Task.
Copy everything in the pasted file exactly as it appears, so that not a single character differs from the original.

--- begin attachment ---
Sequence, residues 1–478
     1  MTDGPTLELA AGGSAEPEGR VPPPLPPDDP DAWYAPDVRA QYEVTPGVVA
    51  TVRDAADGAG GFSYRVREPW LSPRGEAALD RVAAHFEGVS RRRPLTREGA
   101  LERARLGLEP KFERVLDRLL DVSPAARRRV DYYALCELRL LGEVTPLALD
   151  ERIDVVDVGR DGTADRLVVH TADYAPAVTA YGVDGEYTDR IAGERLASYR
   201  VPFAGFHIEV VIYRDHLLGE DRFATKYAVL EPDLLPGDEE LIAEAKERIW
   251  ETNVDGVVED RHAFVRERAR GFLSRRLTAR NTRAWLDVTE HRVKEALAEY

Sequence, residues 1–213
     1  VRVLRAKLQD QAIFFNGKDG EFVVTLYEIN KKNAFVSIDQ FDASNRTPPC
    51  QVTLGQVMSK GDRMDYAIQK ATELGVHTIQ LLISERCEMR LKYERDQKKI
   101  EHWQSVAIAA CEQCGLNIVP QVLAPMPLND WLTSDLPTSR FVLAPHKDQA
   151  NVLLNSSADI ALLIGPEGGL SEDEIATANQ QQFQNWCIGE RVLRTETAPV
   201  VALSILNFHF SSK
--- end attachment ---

Sequence, residues 1–478
     1  MTDGPTLELA AGGSAEPEGR VPPPLPPDDP DAWYAPDVRA QYEVTPGVVA
    51  TVRDAADGAG GFSYRVREPW LSPRGEAALD RVAAHFEGVS RRRPLTREGA
   101  LERARLGLEP KFERVLDRLL DVSPAARRRV DYYALCELRL LGEVTPLALD
   151  ERIDVVDVGR DGTADRLVVH TADYAPAVTA YGVDGEYTDR IAGERLASYR
   201  VPFAGFHIEV VIYRDHLLGE DRFATKYAVL EPDLLPGDEE LIAEAKERIW
   251  ETNVDGVVED RHAFVRERAR GFLSRRLTAR NTRAWLDVTE HRVKEALAEY

Sequence, residues 1–213
     1  VRVLRAKLQD QAIFFNGKDG EFVVTLYEIN KKNAFVSIDQ FDASNRTPPC
    51  QVTLGQVMSK GDRMDYAIQK ATELGVHTIQ LLISERCEMR LKYERDQKKI
   101  EHWQSVAIAA CEQCGLNIVP QVLAPMPLND WLTSDLPTSR FVLAPHKDQA
   151  NVLLNSSADI ALLIGPEGGL SEDEIATANQ QQFQNWCIGE RVLRTETAPV
   201  VALSILNFHF SSK